Today’s online shoppers want free shipping and free returns from eCommerce sites. In fact, because of the popularity of Amazon, many buyers have come to expect those perks when they make online purchases. If one seller doesn’t offer free shipping, or if return policies aren’t lenient enough, many shoppers will head to another website or online shop instead.
While free returns and free shipping are great for shoppers, they’re not always so simple for merchants. The cost of shipping and potential returns can eat into your profits. But offering them to customers also makes your products and brand more appealing, which should lead to more sales. To help you figure out whether to offer free shipping and free returns to your customers, we’ve put together a list of the benefits and drawbacks of each.
Like many aspects of running an eCommerce business, there are advantages and disadvantages to covering shipping costs for buyers. Here are some of the pros and cons:
Pros of free shipping:
1. Online shoppers love it.
Customers love to save money. That’s the bottom line. When there is no added expense for shipping, customers are often more likely to buy your product. Statistics show that 73% of consumers are more likely to purchase online items when shipping is free.
2. It reduces shopping cart abandonment.
Perhaps the biggest issue that eCommerce retailers face each day is shopping cart abandonment. The average cart abandonment rate has been hovering at about 70% for the past few years, which isn’t what you want to see when looking at your data. Furthermore, the number one reason that shoppers abandon their carts is extra costs – like shipping expenses. It isn’t a stretch to determine that offering free shipping will help reduce shopping cart abandonment for your online store.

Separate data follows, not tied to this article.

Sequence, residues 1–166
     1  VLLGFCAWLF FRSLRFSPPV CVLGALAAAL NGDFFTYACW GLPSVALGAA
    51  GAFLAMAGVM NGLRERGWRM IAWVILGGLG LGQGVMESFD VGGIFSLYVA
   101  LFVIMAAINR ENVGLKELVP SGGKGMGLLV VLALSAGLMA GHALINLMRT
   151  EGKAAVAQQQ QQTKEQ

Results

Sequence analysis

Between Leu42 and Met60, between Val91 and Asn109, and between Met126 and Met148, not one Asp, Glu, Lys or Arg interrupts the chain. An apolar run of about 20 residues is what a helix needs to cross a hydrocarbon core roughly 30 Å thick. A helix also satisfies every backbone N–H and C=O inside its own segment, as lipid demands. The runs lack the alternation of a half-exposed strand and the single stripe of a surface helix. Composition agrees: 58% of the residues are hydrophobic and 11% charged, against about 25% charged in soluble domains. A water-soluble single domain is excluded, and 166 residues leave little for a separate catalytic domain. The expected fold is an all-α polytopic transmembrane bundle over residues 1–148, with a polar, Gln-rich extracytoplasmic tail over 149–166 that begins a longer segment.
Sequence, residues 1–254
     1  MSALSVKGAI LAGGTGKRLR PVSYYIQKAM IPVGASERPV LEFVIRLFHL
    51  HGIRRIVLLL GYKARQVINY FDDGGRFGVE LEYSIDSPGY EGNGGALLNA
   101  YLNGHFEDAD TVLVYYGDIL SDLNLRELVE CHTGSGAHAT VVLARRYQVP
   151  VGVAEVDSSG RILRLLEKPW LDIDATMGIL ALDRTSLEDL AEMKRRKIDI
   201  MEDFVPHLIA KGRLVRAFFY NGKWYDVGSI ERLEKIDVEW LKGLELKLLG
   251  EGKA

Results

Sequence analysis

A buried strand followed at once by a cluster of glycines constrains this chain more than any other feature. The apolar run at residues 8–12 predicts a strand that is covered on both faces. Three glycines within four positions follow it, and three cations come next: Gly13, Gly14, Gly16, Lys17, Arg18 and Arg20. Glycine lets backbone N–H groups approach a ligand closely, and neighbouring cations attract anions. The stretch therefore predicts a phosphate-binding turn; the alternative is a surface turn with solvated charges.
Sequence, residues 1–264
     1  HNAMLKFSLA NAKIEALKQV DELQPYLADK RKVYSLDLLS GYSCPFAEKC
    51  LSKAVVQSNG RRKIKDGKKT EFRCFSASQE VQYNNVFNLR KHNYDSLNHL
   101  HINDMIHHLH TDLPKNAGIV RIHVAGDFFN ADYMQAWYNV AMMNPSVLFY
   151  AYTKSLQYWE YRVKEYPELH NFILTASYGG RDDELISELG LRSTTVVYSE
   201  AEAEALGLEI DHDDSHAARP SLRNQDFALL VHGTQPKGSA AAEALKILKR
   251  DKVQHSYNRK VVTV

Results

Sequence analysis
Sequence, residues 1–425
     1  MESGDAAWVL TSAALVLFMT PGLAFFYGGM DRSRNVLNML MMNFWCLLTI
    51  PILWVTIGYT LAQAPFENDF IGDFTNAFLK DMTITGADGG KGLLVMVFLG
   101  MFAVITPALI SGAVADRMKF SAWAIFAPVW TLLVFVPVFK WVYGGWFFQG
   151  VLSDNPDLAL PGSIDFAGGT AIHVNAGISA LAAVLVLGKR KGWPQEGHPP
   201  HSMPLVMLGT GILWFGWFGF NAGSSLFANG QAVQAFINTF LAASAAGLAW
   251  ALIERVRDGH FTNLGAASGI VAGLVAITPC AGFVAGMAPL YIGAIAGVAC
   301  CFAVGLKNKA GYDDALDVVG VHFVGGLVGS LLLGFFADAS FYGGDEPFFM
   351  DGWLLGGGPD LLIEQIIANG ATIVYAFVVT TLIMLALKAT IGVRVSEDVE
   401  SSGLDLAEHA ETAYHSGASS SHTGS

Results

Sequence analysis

3. It keeps you competitive.
Offering free shipping used to be a great way to set your business apart in an oversaturated market. Today, about 71% of eCommerce sellers offer some type of free shipping. So, to say it’s going to put you ahead of your competition no longer rings true. It will, however, help you stay in the game with your competitors.
4. Free shipping can improve your brand’s image.
Offering free shipping helps with customer retention and word of mouth. If your store offers quality products, competitive prices, free and fast shipping, and great customer service, your customers will be happy. What’s even better, happy customers will keep coming back and may even become advocates for your brand.
Cons of free shipping:
1. You may have to increase your prices.
Free shipping isn’t actually free – someone has to pay for it. To maintain a healthy bottom line, you will likely have to increase prices to cover shipping expenses.
2. You’re subject to shipping cost changes.
If you’re covering shipping costs for customers, you are subject to any changes in carriers’ prices. When there are unexpected changes, it can lead to complications in shipping strategies and affect your revenue.
3. It sets a precedent.
There’s no turning back once you’ve offered free shipping. Customers will want to keep it once they’ve experienced it, so you have to make sure that your profit margins will support the expense long-term.